Intrepid explorers

Wednesday night was windy but the wind had abated by the time we got up on Thursday morning.  We decided to get to the current end of the Ashby canal and then walk along the route of the disused section.  Karen was driving so had to navigate through Snarestone tunnel, her first.

As mentioned yesterday the tunnel has a kink in it and the roof is also a lot lower at the northern end – the lowest we had ever seen in a tunnel and we only just got through without knocking the bikes or chimney off.

When we got to the terminus we turned round (wound) and reversed up to the water point to fill up.

We had a chat with the old couple who live in the other boat.  They are moored here permanently and look after the shop and information centre.  We mentioned the new marina at Market Bosworth and he turned his nose up as he couldn’t understand people living on marinas when there are thousands of miles of canals and rivers to cruise; he likened it to living on a housing estate.  We agreed with him because the boats are like houses on water as marinas have all creature comforts such as electric hook ups so there are no worries about how to generate power.  Marina living is not a cheap option unless you don’t have a house.  A new boat, as most seem to be on marinas, will cost between £100,000 and £200,000 which is obviously cheaper than a house but marina fees will be around £4,000 to £5,000 a year then there’s the running costs, licence, insurance, safety certificate, fuel, gas and coal etc.

Anyway we bought some second hand novels and an Ashby canal plaque from them to add to our collection.  We only buy plaques for canals and rivers we actually go on.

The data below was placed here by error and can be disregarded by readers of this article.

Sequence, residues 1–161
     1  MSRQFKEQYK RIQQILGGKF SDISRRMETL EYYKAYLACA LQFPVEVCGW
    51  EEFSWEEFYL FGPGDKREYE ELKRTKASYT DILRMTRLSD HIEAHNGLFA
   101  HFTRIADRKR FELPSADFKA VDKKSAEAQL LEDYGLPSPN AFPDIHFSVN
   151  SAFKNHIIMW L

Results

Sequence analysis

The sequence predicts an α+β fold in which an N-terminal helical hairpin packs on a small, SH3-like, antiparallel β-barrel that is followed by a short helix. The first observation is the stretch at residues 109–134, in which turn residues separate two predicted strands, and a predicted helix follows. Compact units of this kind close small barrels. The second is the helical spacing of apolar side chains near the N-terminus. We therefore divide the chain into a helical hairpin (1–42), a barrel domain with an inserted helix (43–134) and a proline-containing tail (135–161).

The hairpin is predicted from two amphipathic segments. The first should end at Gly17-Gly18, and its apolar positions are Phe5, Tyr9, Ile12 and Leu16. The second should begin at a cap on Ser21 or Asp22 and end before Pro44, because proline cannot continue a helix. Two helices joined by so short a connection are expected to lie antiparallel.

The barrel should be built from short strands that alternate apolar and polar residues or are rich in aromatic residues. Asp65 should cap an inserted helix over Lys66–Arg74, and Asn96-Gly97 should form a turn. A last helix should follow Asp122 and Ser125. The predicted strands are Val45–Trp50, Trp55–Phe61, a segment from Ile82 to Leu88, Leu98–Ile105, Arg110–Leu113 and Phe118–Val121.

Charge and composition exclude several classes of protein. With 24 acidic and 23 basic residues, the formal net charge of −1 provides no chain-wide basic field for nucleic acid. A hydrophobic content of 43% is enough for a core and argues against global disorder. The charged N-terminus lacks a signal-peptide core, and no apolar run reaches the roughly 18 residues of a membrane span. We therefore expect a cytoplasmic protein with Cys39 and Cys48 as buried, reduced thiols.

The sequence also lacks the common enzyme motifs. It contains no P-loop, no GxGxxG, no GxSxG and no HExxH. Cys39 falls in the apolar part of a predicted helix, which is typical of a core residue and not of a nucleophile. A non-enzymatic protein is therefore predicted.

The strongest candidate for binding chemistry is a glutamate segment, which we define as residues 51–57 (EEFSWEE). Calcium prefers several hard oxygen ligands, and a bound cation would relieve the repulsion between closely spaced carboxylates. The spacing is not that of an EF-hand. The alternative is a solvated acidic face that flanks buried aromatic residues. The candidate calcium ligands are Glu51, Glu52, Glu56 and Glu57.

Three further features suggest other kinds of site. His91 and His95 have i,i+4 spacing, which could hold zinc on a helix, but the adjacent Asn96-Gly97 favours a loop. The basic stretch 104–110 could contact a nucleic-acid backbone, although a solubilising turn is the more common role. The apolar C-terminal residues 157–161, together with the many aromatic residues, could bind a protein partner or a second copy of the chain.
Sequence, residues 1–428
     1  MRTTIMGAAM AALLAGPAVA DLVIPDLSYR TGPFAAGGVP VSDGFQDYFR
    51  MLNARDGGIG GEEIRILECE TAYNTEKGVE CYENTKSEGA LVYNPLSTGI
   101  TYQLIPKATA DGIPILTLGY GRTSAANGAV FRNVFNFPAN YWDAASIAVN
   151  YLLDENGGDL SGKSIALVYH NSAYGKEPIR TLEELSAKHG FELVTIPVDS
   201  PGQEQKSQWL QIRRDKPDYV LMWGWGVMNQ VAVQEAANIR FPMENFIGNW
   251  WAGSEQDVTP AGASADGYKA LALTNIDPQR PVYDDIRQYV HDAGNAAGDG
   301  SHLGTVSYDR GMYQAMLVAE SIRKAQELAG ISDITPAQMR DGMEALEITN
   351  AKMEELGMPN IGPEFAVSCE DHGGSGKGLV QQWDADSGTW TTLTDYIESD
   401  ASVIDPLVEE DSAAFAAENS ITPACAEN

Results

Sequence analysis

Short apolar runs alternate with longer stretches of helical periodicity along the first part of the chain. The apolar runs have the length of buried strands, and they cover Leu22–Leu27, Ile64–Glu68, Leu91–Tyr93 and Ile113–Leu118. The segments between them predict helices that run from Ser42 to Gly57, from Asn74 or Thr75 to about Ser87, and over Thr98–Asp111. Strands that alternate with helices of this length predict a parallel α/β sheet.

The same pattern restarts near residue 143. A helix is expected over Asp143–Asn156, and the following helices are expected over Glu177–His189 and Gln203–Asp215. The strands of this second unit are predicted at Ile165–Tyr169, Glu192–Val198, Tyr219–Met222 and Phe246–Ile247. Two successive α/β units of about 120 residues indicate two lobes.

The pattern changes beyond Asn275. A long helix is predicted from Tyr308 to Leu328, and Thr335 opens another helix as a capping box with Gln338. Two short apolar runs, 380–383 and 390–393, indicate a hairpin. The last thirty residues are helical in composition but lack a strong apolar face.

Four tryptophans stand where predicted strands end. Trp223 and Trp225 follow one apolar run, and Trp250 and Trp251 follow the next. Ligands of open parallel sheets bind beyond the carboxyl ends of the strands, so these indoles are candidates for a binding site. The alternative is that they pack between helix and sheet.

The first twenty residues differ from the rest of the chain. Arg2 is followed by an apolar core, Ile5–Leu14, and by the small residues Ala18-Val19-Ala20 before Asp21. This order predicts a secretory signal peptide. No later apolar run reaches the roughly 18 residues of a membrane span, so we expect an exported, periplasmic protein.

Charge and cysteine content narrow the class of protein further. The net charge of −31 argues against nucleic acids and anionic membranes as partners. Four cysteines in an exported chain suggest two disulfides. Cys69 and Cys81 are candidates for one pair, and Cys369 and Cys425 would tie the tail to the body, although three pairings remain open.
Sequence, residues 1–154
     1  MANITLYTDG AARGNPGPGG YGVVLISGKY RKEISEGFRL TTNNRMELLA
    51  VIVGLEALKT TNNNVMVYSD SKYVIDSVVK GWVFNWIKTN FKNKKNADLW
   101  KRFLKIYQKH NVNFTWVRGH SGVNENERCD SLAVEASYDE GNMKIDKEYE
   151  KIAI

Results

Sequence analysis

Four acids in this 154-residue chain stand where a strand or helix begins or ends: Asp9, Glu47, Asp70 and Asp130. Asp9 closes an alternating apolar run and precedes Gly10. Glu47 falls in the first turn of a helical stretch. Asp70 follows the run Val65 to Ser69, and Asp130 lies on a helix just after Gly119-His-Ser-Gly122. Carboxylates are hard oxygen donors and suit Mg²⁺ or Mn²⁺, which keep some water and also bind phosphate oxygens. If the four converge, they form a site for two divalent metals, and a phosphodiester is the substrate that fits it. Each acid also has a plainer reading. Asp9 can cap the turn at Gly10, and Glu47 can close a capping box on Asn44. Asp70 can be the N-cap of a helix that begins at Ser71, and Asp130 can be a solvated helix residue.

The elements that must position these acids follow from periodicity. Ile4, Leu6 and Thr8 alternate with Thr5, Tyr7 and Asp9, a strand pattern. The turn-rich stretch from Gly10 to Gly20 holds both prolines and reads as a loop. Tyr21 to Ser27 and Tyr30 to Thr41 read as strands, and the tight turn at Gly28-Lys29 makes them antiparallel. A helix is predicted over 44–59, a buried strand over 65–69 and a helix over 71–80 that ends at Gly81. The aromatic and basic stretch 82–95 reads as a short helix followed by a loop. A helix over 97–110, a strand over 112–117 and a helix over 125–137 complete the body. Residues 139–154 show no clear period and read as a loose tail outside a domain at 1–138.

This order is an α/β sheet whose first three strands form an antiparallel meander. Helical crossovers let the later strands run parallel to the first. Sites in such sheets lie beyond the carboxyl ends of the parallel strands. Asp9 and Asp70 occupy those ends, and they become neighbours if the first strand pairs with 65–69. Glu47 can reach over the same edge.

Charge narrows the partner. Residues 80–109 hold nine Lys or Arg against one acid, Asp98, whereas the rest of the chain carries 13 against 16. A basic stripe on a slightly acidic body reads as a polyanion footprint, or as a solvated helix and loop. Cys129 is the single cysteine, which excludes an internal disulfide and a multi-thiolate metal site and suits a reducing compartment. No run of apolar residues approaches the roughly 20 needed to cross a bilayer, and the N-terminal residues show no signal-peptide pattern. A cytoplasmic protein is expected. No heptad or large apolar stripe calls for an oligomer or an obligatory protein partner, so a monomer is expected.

We had an early lunch and then walked the three miles to Measham following the line of the disused canal.  In most places it wasn’t obvious as most of it was filled in 50 years ago but it was across a lot of open countryside and, yet again, we had plenty of blue sky.

In Measham high street you can look over the bridge parapet and see where the canal used to run.  Now there is just an old Morris/Austin 1100 rotting away down there on the right.

At one point there was a marker indicating the names and depths of the coal seams below the canal – the reason the canal was originally built and also the reason it fell into disuse through subsidence.

There were some pretty muddy places but as we are intrepid explorers we weren’t deterred.  As Buddy is so girlie he tries to avoid mud and tip toes if he cannot avoid it.  Although at one point he was chasing a yellow wagtail in a field and it kept flying low , as they do, around an extremely muddy area that had been churned up by cows.  Buddy seemed to forget about his mud aversion and was leaping all over it.  We were in fits of laughter watching him.

We walked back the way we came so had a nice six mile walk before it got dark.  When we got home a fuel boat was coming past so we bought some coal.  We hadn’t realised that a fuel boat covered the Ashby otherwise we wouldn’t have filled up with diesel at the marina the other day.  Not only are fuel boats cheaper we like to give them our custom to help keep them in business.  Here is Mark leaving us after dropping off five bags of coal. He is able to moor at the wharf at end of the canal where he arranges for the different fuel lorries (diesel, gas and coal) to deliver.  The fuel boat owners live in the short cabin at the end of the boat just like the old working boat families used to do.  Mark was on his own, well he did have a dog, but we have also met couples who run fuel boats as well.

Now, as Karen is baking me a ginger cake I feel it is only fair to make her some mulled wine.

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